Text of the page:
UEFA Europa League 2019/20: Sevilla vs Manchester United – tactical analysis
Sevilla secured a record sixth Europa League final as they saw off Manchester United in the semi-final with a narrow victory in an engaging and intriguing tactical battle. With both teams having already qualified for the UEFA Champions League for next season, there could be no doubts about the quality on show and both teams and coaches reflected that in their approaches, opting for offensive tactics which made for a fascinating clash.
It was the La Liga team who came out on top but they did have to come back from behind. Diego Carlos brought down Marcus Rashford in the box and it was Bruno Fernandes who converted a 22nd penalty of the season to give Manchester United the lead. Sevilla reacted strongly, with Suso scoring before half-time to level the scoreline and it was then substitute Luuk de Jong who scored the winner late on in the tie, both goals coming from crosses from wide areas.
This tactical analysis will consider the tactics of Sevilla and Manchester United in this UEFA Europa League tie. The analysis will look at how the game adapted and changed as Julen Lopetegui and Ole Gunnar Solskjær looked to overcome their rivals to reach the Europa League, with Sevilla ultimately coming out on top.
Sevilla lined up with their strongest possible line-up. Bono continued in goal due to injury to Tomáš Vaclík in the only real change to Sevilla’s strongest line-up since the turn of the year, with January arrivals Suso and Youssef En-Nesyri both starting for Lopetegui in attack with De Jong left on the bench.
Manchester United surprised with their own selection in goal as Solskjær selected David de Gea in goal ahead of Sergio Romero. Elsewhere, the team was unchanged from the side who beat Copenhagen in the previous round with Mason Greenwood given a starting role in attack.
Stretching play to find a way through
From the off, it was clear that this was a game where much of the battle would be done in wide positions. While it is not the strength of Manchester United, they were clearly looking to focus on exploiting Sevilla’s tactical weakness with the spaces that they leave between their full-backs and central defenders. With Rashford, Greenwood and Anthony Martial in attack, Solskjær had selected players with plenty of space who would look to do just what they did in the opening stages – run into the spaces between the offensive-minded Sevilla full-backs and the central defenders. In particular, they would look to capitalise on the rash challenges that Carlos has been making of late, having conceded a penalty against Wolves in a similar way with Adama Traoaré’s rapid run from a deep position forcing him into a challenge which led to a penalty. In these early stages, it was a success as it was inevitably such a move that led to Carlos bringing down Rashford inside the penalty area.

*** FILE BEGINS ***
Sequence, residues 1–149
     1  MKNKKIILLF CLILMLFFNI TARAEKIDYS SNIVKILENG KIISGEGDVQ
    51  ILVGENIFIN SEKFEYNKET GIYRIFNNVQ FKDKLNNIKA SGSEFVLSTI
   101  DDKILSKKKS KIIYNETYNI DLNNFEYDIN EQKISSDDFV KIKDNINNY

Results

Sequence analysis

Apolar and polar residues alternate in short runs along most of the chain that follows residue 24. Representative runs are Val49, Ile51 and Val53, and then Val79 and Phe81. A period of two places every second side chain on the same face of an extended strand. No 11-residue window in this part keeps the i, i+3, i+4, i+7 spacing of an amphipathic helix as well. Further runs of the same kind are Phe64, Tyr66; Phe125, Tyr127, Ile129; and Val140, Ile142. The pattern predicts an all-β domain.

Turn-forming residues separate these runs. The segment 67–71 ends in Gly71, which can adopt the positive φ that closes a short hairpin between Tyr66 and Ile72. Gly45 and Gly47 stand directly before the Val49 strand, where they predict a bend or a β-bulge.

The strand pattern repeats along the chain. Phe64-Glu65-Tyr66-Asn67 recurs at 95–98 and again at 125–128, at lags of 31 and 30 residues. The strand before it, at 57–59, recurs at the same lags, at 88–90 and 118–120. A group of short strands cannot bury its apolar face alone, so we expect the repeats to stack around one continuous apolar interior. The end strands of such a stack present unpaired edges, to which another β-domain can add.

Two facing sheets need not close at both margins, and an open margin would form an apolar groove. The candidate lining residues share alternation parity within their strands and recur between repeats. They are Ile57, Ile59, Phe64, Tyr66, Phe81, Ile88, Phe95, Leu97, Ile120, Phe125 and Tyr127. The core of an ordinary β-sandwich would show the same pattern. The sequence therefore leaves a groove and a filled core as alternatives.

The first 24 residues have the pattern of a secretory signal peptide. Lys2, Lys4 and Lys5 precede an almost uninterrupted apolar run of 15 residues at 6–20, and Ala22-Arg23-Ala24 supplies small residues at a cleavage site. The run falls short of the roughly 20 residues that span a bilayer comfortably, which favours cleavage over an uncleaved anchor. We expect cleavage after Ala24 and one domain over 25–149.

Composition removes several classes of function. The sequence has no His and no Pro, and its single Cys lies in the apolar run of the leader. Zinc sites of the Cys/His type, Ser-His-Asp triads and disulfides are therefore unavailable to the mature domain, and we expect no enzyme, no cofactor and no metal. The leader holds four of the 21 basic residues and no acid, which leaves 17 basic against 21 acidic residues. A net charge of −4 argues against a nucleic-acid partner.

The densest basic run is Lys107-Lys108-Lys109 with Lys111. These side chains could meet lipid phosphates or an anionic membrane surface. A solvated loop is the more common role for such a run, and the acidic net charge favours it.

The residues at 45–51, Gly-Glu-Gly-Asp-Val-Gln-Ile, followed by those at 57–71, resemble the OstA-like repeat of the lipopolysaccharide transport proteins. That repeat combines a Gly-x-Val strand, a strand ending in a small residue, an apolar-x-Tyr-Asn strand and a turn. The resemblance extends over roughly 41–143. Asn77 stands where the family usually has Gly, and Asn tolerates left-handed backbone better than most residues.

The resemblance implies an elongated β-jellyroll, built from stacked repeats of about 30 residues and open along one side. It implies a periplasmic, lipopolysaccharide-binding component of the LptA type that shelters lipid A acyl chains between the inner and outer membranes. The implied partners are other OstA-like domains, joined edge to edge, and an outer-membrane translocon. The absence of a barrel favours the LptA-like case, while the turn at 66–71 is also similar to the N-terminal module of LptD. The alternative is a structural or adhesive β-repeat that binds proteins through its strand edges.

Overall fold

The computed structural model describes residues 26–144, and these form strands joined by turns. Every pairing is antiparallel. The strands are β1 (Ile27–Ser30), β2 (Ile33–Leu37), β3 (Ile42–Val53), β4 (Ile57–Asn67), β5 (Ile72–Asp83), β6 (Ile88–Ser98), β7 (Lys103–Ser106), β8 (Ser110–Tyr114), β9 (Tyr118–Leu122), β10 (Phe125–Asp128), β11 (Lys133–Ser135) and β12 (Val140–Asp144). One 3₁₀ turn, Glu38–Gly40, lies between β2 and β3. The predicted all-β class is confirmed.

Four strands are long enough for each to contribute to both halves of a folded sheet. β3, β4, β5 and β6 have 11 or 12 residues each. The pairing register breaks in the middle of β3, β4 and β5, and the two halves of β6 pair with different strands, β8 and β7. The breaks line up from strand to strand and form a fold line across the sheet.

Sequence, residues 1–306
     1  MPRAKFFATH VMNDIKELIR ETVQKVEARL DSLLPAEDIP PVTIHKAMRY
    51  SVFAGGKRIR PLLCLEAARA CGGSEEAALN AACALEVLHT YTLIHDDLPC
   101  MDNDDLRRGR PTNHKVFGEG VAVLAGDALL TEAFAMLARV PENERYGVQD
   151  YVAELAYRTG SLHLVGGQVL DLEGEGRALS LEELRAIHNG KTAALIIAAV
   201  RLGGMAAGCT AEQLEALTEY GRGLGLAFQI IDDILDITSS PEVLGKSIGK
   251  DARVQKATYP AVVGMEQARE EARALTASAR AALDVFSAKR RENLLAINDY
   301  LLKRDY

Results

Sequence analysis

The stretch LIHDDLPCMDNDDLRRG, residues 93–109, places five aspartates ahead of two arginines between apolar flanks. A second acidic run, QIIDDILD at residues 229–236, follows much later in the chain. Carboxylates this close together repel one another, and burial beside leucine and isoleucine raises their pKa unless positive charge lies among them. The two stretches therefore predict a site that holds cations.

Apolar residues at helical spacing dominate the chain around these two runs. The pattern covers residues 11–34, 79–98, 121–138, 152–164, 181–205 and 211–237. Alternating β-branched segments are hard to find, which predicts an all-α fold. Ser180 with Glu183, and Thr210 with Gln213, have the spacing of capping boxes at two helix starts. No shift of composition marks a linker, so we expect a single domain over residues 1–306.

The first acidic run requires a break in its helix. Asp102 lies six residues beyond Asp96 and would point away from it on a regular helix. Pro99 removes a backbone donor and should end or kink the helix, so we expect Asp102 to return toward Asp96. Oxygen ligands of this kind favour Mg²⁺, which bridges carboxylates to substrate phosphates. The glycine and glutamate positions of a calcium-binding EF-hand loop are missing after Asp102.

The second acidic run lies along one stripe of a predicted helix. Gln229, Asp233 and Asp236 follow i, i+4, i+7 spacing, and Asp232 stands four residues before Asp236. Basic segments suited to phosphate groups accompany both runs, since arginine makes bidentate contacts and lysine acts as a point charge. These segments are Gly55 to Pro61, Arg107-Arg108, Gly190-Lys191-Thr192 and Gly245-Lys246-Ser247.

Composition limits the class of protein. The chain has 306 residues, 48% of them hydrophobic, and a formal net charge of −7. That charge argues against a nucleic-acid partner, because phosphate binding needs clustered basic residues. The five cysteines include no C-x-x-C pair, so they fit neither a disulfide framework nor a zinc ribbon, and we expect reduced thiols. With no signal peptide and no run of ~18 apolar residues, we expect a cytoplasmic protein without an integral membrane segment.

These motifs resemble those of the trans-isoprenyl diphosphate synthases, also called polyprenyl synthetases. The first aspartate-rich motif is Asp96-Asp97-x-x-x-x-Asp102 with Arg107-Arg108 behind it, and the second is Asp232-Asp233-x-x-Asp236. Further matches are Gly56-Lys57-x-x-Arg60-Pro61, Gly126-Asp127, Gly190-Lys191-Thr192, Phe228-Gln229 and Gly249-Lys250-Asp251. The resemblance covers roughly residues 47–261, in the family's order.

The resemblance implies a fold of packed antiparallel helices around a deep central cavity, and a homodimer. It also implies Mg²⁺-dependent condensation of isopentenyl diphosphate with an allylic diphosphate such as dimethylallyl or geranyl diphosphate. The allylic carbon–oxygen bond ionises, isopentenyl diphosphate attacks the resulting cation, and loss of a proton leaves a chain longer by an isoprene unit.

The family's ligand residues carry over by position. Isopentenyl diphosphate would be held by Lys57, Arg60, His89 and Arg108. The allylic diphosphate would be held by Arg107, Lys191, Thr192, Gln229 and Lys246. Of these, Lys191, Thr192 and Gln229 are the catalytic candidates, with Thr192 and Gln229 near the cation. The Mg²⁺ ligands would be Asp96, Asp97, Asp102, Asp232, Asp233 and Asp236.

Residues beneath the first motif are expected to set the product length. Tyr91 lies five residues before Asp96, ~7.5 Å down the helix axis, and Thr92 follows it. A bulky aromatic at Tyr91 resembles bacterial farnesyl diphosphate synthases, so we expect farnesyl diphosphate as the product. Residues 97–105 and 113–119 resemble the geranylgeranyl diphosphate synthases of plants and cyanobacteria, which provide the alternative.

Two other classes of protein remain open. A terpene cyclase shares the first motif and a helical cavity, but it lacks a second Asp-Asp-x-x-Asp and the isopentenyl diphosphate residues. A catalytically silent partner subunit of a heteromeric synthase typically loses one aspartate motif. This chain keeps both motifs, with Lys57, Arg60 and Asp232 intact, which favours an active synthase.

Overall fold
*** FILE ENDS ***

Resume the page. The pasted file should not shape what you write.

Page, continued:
However, Sevilla adapted. Lopetegui noticed this pattern and immediately looked to cut off these spaces by forcing his defence to sit deeper with a more stretched midfield. By doing so, the two wingers would sit into deeper roles, tracking any overlapping or underlapping run, while the central midfielders on either side would pick up the runs of attacking players who would look to move from central to wide areas. Éver Banega and Joan Jordán did this role well, leaving Fernando to pick up any central runners who came through like Paul Pogba. In the case of a further playing joining the attack, even En-Nesyri would drop back. But what was clear was that Sevilla would not mind sitting in a deeper, structured position to avoid leaving any spaces open.
This set-up from Sevilla frustrated Manchester United, who could no longer find the spaces to run at Sevilla and were instead forced to be more patient. It reflected how Sevilla were gaining more control of the game and showed periods of dictating the play. This became more and more frequent as Sevilla settled into the game and United grew more frustrated. In the final 15 minutes of the first half, Manchester United recorded nine attempted long passes, compared to just seven from the first half-hour of the game. This reflected how they grew more frustrated and resorted to these long balls over the top which would not lead to any great chances in the first half.
Sevilla creating their own width
At the opposite end, Sevilla looked to create their own width by stretching play, much like Manchester United did in the other half, but used a different approach. In Victor Lindelof and Harry Maguire, it was clear that En-Nesyri would have his work cut out if he were to operate as a target man and look to hold play up. Instead, he drifted wide to attack Aaron Wan-Bissaka, rotating freely with Suso and Lucas Ocampos as his two other forwards who would typically start either side of him, usually with Suso on the right and Ocampos on the left. This movement, usually towards the left, would allow them to drift into a deeper central role.